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Inverted Siphons

Inverted Siphons

When a main dips below the hydraulic grade line, it's referred to as associate inverted siphon. The purpose is to carry the sewer under the obstruction, such as roadway, railway, stream, river, etc. and regain as much elevation as possible. The sewage through such a pipeline (or inverted siphon) will flow under pressure which is greater than atmospheric pressure. Inverted siphons should be resorted to only where other means of passing the obstruction are not feasible, as they require considerable attention in maintenance. As the siphons are depressed below the hydraulic grade line, maintenance of self-cleansing velocity at all flows is very important.

Inverted siphon Designing

Inverted Siphons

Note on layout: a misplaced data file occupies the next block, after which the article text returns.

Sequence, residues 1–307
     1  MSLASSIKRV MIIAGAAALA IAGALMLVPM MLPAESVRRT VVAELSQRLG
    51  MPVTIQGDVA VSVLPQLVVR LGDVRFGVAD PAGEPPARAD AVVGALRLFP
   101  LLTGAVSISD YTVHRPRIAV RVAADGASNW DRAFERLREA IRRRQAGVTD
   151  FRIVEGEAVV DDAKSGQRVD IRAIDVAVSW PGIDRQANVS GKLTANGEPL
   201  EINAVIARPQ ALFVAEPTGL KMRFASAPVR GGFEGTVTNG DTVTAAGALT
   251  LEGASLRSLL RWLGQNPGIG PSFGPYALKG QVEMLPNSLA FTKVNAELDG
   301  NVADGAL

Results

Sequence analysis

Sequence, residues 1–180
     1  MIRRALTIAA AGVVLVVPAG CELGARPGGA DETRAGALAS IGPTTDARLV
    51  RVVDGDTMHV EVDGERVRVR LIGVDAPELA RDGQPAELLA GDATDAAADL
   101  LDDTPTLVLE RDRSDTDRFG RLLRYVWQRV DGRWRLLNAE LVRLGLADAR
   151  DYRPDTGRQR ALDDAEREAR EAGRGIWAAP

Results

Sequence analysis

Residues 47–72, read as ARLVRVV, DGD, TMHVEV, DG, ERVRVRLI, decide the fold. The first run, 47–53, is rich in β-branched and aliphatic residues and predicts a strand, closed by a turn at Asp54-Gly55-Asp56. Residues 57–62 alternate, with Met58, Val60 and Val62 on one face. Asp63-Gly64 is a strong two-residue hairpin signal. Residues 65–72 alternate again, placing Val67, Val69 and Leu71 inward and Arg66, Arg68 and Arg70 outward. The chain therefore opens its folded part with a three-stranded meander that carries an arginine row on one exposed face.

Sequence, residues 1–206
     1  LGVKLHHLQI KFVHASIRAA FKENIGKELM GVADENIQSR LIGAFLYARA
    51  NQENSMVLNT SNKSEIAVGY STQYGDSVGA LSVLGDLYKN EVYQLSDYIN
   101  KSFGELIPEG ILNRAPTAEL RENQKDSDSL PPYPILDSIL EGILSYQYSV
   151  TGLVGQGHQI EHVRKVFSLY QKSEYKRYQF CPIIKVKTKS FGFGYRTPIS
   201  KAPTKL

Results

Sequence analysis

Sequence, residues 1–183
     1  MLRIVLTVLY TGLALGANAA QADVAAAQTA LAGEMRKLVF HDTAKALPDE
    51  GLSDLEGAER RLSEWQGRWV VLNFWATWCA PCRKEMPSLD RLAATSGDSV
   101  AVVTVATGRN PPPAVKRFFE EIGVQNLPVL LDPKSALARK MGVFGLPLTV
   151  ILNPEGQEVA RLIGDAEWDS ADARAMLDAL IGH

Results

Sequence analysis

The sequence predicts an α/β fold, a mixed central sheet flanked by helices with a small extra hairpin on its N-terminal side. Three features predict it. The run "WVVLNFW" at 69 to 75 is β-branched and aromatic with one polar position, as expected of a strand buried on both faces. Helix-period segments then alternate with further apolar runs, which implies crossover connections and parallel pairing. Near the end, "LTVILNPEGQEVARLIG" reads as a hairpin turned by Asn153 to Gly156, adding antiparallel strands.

1. The construction of the siphon should be simple.

  2. The changes in direction should be easy and gradual.

  3. It is necessary to have a seIf-cleansing velocity of 1 meter per second for the minimum flow to avoid deposition in the line.

  4. The siphon should have two or three pipes of different sizes, laid parallel so that to the average Hows one pipe comes into service and when the flow exceeds the average, the balanced flow is taken up by the second and subsequent pipes.

  5. For the selection of proper sizes of pipes, the minimum average and maximum flows m the sewer should be considered.

  6. The total length of each pipe consists of straight lengths and the lengths of fall, bends, and rise. Allowance should be made for loss of head due to bends and due to increased friction on account of roughness in the siphon caused due to sitting in the straight length.

  7. The possibility of sitting should be avoided or minimized. '

  8. The design of inlet and outlet chambers should allow sufficient room for entry for cleaning and maintenance of siphons.

  9. Proper bypass arrangements should be provided from the inlet chamber to the nearby stream.

  10. if the length of the siphon is more, hatch boxes at intervals of about 100 m should be provided for the facility of rodding.

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